Utah governor signs Net-porn bill

Steve Gibbard scg at gibbard.org
Tue Mar 22 19:57:43 UTC 2005

On Tue, 22 Mar 2005, Bill Woodcock wrote:

> Uh, yes, I was joking.  Unfortunately, I do believe, on credible evidence,
> that there are people stupid enough to be trying to legislate the
> operation of the Internet without having first understood how it's done
> right now.  Case in point.

Can ISPs get around this by declaring themselves to be private clubs? ;)

There was a rather poorly attended NANOG meeting in Salt Lake City a
couple years ago.  Between bars, er, private clubs, that required (very
cheap) memberships to get in the door, the no more than one watered
down beer on the table at a time rule, the guys who looked like secret
service agents video taping the the gay pride people (all three of
them...) outside the Temple, and the repeated "you want to rent a car?  On
a Sunday?!?" responses from people in the viscinity of the closed car
rental counters, it was a cultural expeience.  Regardless of the legal and
technical merits of the plan, requiring a watered down web doesn't seem

Ignoring the legal and commercial questions and focusing on the technical
requirements, there are several ways they could have done this.  China and
Saudi Arabia accomplish this (China for political content, and Saudi
Arabia for "porn") with national firewalls.  So, if the same content were
going to be blocked for all users in Utah, and if porn sites could somehow
be prevented from operating in Utah, a monopoly transit proivder for all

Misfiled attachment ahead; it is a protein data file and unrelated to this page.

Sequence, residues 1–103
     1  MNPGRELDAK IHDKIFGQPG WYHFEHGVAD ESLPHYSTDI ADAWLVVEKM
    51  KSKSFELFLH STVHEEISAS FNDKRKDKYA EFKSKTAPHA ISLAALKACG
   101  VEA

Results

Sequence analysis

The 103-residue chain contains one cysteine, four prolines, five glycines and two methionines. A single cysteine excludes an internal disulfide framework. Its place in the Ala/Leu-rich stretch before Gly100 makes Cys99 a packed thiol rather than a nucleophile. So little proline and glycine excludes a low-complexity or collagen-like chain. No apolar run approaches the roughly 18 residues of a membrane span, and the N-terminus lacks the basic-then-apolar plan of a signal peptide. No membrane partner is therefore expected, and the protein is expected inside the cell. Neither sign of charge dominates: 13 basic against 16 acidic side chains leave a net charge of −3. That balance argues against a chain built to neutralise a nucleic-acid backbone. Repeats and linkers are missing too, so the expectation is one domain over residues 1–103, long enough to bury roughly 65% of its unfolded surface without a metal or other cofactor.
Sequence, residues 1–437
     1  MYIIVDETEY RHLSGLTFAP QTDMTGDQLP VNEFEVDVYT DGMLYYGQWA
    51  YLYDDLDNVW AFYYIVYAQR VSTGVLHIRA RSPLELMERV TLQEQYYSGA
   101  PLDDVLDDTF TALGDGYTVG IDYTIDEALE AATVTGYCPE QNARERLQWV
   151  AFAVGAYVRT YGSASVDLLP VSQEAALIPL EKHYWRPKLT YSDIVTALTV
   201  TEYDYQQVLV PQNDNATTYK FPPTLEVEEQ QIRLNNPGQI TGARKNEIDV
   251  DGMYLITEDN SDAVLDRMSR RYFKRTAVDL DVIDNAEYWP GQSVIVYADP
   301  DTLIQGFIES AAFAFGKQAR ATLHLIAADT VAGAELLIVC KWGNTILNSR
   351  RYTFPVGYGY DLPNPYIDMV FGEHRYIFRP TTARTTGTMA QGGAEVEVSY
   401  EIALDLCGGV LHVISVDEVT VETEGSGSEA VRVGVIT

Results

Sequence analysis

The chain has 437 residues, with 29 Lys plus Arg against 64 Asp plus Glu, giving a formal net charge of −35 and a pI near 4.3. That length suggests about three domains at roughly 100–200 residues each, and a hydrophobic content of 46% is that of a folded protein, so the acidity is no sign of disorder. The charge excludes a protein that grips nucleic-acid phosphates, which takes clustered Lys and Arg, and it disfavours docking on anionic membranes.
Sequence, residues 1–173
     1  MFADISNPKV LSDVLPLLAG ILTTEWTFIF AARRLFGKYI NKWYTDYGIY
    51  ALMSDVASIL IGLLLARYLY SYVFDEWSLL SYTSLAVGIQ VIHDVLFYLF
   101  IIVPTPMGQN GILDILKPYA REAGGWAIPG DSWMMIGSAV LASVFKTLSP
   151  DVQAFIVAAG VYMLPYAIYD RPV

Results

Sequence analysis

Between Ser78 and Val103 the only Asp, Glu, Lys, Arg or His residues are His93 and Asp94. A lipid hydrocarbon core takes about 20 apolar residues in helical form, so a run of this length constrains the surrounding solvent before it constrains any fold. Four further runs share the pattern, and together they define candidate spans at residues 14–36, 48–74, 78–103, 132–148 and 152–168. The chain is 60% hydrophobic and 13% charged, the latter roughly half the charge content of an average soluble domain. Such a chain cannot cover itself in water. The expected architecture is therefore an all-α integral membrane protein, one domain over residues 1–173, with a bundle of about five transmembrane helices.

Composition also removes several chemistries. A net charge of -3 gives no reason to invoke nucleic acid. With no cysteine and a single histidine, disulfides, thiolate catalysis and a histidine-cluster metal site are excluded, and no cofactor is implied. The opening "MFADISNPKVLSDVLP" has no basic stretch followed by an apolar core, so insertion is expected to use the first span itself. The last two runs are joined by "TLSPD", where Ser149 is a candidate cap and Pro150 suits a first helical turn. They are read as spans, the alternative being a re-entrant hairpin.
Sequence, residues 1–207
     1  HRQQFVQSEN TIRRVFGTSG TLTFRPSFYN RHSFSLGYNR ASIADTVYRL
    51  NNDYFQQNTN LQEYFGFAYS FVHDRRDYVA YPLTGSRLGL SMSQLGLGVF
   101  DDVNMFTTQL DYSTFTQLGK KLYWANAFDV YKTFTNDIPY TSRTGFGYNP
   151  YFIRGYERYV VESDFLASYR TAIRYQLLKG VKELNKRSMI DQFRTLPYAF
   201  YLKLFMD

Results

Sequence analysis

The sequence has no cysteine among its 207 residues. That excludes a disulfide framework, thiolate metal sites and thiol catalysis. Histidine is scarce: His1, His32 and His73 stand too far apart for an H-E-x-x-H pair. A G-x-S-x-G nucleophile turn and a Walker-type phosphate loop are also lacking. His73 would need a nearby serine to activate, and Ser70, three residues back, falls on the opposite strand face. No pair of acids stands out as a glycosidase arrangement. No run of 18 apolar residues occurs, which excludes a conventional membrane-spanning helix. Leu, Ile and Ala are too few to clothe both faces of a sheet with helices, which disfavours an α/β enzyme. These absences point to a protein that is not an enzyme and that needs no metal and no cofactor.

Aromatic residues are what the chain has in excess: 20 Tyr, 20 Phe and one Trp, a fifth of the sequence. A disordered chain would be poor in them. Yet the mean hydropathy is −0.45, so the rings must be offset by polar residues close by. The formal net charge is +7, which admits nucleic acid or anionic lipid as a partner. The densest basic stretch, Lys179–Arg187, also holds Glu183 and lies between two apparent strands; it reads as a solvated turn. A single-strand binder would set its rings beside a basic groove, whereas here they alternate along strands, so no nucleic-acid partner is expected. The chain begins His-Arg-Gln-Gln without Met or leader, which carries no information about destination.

Utah ISPs with a big porn blocking firewall in front of it might do the
trick.  I hear it works in Saudi Arabia...

But in this case, Utah hasn't chosen to use China or Saudi Arabia as its
model, nor have they copied the first round of attempts at this sort of
thing by various US states, which tended to give ISPs the burden of
figuring out whether packets flowing through their network were
"indecent" and imposed requirements on people in other states.  I suspect
this will make Utah different enough that a lot of national networks will
decide it's not worth doing business there.  But for Utah-focused ISPs who
can figure out how to make a firewall or proxy server speak the same
protocol as the state-run database, this should be an opportunity to
charge higher prices in the face of reduced competition.  This seems like
something that could be implemented on a per-user basis with a little bit
of policy based routing.

Is it a good idea?  Certainly not.  Is it legal?  I hope not.  But is it
so badly conceived as to be unimplementable if it ever gets to the
enforcement stage?  I don't think so.


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